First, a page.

On Friday, New York lawmakers passed a bill banning crypto mining operations that utilize carbon-based power sources. If this bill becomes law there will be a two-year prohibition on cryptocurrency mining operations. The bill is now before Governor Kathy Hochul who can either sign or veto it.
According to Perianne Boring, the founder and president of the Chamber of Digital Commerce, this bill would make New York the first state in the country to ban blockchain technology infrastructure.
As explained in the bill, the state of New York implemented the Climate Leadership and Community Protection Act to help regulate and improve the future of the environment. Since cryptocurrency mining operations require a great deal of energy, a new section of the environmental conservation will be added. It states that new applications, new permits and the renewal of existing permits will not be approved “…for an electric generating facility that utilizes a carbon-based fuel and that provides, in whole or in part, behind-the-meter electric energy consumed or utilized by a cryptocurrency mining operation that uses proof-of-work authentication methods to validate blockchain transactions…”
Boring mentioned how the bill could have a negative impact on the economy of the state. “Bitcoin mining operations are providing high-paying and high-grade, great jobs for local communities. One of our members, their average pay is $80,000 a year.”
Boring further addressed how New York is a leader when it comes to state legislation. Whether the rest of the country is going to try and copy New York’s lead in this industry is another topic of discussion.
Others in the crypto space are not happy with the possible new law. Former executive director of the Bitcoin Foundation, Bruce Fenton, tweeted, “No government has the right to tell you what software to run.”
Vitalik Buterin, Ethereum founder, agreed with Fenton’s tweet and replied with, “The government picking and choosing which specific applications are an okay use of electricity or not is a bad idea. Better to just implement carbon pricing, and use some of the revenues to compensate low-income users.”
Federal Reserve Chairman Jerome Powell spoke about cryptocurrency regulations in a House Financial Services Committee meeting last week, giving credit to the Russia-Ukraine war as a highlight for the need of regulatory oversight in digital assets.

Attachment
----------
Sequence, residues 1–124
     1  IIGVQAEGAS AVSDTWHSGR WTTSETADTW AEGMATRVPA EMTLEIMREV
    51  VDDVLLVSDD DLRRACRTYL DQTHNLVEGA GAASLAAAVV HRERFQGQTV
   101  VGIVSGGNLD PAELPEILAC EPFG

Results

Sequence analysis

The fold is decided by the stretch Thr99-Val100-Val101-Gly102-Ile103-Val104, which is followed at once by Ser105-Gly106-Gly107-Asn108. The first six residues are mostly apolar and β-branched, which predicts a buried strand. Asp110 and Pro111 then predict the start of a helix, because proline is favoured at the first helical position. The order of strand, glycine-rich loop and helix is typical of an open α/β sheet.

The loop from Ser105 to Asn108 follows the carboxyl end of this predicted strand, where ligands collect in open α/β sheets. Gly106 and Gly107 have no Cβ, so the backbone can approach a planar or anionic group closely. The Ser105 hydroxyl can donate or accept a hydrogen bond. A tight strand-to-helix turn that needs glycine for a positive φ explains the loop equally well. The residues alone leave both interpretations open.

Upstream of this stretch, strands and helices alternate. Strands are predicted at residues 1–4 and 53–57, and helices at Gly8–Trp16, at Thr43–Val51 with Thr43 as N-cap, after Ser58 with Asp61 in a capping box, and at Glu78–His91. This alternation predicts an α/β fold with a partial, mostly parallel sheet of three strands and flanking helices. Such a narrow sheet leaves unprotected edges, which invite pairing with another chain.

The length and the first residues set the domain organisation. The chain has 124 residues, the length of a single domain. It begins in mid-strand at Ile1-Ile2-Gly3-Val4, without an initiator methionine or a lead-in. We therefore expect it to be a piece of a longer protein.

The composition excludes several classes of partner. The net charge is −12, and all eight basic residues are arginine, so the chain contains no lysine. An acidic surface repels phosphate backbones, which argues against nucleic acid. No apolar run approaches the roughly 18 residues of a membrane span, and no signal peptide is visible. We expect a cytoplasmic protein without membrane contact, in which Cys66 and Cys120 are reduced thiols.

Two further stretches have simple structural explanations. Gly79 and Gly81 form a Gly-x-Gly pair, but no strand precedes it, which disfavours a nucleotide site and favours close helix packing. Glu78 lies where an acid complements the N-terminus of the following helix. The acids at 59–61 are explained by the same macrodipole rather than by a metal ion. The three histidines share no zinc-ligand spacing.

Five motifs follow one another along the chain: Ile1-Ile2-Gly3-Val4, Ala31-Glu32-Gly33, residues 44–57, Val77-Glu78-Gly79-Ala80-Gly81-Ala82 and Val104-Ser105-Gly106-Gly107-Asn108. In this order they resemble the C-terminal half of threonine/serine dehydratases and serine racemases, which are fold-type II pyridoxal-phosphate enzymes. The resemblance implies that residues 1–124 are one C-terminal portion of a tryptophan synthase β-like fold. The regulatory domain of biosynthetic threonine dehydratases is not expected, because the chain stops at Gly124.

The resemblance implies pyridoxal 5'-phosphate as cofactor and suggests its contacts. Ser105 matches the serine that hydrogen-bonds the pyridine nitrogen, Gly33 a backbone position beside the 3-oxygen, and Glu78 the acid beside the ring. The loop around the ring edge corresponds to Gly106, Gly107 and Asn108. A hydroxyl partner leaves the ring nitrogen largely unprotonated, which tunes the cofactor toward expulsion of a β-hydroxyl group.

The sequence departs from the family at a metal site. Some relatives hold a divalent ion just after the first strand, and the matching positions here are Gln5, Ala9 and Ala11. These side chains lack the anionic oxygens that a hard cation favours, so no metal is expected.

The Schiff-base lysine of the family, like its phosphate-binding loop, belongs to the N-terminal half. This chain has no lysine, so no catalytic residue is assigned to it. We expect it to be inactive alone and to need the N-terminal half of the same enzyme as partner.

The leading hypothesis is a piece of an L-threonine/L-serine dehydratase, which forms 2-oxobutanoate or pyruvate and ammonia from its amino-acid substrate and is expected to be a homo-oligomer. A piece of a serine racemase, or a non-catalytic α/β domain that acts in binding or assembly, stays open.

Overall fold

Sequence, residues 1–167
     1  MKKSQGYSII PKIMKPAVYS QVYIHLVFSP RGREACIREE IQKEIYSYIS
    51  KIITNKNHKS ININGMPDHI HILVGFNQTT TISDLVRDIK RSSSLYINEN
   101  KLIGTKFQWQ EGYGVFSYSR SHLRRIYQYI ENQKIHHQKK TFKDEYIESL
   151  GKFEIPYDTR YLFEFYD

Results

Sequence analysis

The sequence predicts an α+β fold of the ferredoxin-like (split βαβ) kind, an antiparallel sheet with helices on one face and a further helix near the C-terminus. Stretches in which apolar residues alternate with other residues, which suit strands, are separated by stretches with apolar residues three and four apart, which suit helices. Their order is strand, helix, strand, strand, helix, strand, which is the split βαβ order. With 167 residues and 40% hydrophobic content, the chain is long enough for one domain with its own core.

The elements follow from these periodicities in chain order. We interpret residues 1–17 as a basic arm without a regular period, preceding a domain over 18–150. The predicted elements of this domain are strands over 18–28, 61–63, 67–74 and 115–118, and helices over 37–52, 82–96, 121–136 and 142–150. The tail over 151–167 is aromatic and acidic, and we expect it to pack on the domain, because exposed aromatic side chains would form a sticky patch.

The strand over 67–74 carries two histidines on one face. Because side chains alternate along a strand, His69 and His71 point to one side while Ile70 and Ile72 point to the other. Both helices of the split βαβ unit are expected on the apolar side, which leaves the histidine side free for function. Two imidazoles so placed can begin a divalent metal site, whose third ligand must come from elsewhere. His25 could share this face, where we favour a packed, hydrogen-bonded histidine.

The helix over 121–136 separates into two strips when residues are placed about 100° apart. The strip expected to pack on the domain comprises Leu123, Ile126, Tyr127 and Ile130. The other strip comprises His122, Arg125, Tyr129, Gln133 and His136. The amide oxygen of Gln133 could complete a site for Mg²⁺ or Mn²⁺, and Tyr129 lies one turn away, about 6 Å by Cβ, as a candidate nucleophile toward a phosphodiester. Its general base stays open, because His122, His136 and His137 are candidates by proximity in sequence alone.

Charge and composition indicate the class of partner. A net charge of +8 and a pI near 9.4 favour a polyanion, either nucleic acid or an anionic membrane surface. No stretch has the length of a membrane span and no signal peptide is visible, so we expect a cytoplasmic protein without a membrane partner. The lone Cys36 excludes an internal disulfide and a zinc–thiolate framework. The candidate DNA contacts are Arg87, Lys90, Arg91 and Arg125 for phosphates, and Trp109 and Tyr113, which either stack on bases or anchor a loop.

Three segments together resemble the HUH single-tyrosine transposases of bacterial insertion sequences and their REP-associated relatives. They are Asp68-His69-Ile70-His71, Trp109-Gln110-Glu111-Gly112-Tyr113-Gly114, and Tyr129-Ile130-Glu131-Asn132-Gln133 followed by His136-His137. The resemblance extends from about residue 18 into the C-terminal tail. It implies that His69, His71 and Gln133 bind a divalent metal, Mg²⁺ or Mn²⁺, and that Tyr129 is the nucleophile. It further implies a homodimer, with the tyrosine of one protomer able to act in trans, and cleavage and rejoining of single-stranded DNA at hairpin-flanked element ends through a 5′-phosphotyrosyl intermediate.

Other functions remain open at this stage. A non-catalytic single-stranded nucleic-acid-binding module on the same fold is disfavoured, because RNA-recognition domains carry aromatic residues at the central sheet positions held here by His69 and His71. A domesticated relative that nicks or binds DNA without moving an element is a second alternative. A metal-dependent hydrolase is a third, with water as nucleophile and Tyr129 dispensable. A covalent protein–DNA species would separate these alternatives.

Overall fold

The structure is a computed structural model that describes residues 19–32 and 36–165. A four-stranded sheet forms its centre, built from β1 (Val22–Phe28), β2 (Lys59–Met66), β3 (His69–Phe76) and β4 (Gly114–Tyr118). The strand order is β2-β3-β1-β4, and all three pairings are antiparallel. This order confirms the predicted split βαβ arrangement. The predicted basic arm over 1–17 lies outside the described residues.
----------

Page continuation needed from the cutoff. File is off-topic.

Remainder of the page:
“[The Ukraine-Russia conflict] underscored the need for Congressional action on digital finance including cryptocurrencies,” Powell said. “We have this burgeoning industry which has many parts to it, and there isn’t in place the kind of regulatory framework that needs to be there.”
Powell spoke to the committee about potential detrimental uses of crypto. He referred to “malicious actors” and “terrorists” as some of those who use digital assets to commit crimes, on top of crypto’s potential to allow Russia to get out of the barrage of international sanctions but against their fiat currency, the Ruble.
“This will be something that we will invest a fair amount of time and expertise … to get it right,” Powell said, emphasizing that “we have not decided to do it.”
“We have this burgeoning industry which has many parts to it, and there isn’t in place the kind of regulatory framework that needs to be there,” said Powell. “It was probably no different with railroads or telephones or the internet, and ultimately what’s needed is a framework, and in particular ways to prevent these unbacked cryptocurrencies from serving as a vehicle for terrorist finance and just general criminal behavior.”
Cryptocurrency is one of the last resorts the Russian regime has left to save their economy. They have been cutoff from western markets and have been removed from SWIFT, the international payments system that facilitates cross border transactions.
Democratic Senators wrote on Wednesday to Treasury Secretary Janet Yellen, in an effort to vocalize concerns that the use of cryptocurrencies could be a loophole around international monetary sanctions against Russia.
“These concerns have become even more urgent given the sanctions imposed on Russia after its invasion of Ukraine,” Sen. Elizabeth Warren alongside other democrats wrote in their letter to Yellen.
Rumors have swirled about the Biden administration announcing some type of government system when it comes to the regulation of digital assets. No such announcement has come about.